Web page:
Despite the name of the original, apparently the Yars never got their revenge. In fact, in the sequel we learn that the Yars were all but wiped out by the Qotile, and what few Yars weren’t killed were captured. That’s where you come in, of course. After escaping, you’ll be exacting revenge against your former captors with guns a’blazing, which (technically speaking) means the game’s title should probably have been “Yar’s Yars’ Revenge Revenge”. Fortunately for us all it’s not; apparently, revenge is a dish best served one Yar at a time.

Speaking of names, this all new Yar’s Revenge doesn’t much resemble its namesake. The new Yar’s Revenge is at heart an on-rails shooter. Players are automatically guided through a beautifully pre-rendered world, and are allowed to move (but not steer) using the left analog stick while aiming with the right. In the past thirty years, Yar weaponry has come a long way; along with your traditional pulse laser, you also have a railgun and missiles at your disposal. Like all shooters, there are trade-offs (missiles are limited and the rail gun needs to recharge). Along the way you will also encounter power ups that can do things like recharge your health or make you temporarily invulnerable.

As with nearly all video games, the overall goal here is to rack up a high score. Your score can be boosted by acquiring and maintaining multipliers, which themselves can be increased by shooting accuracy and speed. Yar’s Revenge contains six levels, each of which ends with a boss fight (where those powered-up weapons will come in handy).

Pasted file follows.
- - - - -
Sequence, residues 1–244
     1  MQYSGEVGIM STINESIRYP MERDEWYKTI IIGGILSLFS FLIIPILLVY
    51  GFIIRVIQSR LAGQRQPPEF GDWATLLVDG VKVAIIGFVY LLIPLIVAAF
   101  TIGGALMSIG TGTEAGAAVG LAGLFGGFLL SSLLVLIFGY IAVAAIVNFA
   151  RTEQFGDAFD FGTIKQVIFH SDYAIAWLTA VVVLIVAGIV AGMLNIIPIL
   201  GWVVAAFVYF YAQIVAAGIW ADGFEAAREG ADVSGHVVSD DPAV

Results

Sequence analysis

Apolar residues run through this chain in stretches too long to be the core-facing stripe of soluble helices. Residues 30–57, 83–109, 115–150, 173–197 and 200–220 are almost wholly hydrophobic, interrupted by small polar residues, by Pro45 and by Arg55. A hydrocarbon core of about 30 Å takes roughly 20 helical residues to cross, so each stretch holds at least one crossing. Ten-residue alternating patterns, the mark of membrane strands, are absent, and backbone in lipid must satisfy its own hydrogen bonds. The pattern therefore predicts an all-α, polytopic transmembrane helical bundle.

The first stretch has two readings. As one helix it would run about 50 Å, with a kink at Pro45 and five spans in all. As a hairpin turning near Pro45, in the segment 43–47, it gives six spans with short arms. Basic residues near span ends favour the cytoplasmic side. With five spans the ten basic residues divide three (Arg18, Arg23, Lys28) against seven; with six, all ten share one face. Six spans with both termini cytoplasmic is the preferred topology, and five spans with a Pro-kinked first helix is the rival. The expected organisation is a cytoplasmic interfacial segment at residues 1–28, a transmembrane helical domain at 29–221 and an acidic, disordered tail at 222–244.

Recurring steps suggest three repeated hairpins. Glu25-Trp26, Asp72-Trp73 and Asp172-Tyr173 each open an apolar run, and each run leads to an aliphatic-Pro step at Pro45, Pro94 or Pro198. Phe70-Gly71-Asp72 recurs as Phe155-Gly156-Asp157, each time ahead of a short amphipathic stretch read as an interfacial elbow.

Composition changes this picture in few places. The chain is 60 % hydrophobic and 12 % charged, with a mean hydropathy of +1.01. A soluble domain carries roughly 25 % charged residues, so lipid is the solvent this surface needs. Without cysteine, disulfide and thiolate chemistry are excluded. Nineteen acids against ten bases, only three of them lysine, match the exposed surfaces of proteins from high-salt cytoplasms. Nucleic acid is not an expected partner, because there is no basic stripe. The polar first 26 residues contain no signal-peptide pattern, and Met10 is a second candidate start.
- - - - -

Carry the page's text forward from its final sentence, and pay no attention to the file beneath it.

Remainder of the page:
One thing the sequel shares with the original is in-game poor story telling. In the original, the Yars’ back story had to be conveyed through the help of a comic book (the Atari 2600 wasn’t particularly known for its ability to render cut scenes). In the sequel, the ongoing Yar saga is related to players through voiceless, subtitled cut scenes. I hope you can read fast, because the words tend to zoom by faster than a Qotile Destroyer Missile. Even worse is the written dialogue that appears in-game, usually while a wave of enemies is firing lasers at your insect-shaped head. If you have a tough time texting and driving, you can forget about following the plot.

As far as shooters go, Yar’s Revenge isn’t great and it isn’t terrible; it’s just kind of there. While some of the bosses and waves of opponents can be tough to dispose of (depending on the difficulty settings you’ve chosen), more than anything, the repeated zapping of continual onslaughts of baddies grows monotonous long before players can blast their way through the game’s two-to-three hour playtime. More important to me than the fate of Yar was finding out when this punishment was going to end.

Thirty years ago, Atari programmer Howard Scott Warshaw created the Yars’ Revenge, a 192×160 resolution game that consists of 4k of code and is still being played today on modern systems. Thirty years later we have Yar’s Revenge, an absolutely gorgeous on-rails shooter that is bigger in size than a conventional CD (the PC version is well over 700 meg) and will be forgotten by most gamers in 30 days, much less 30 years. If that doesn’t sum up the current state of the gaming industry, I don’t know what does.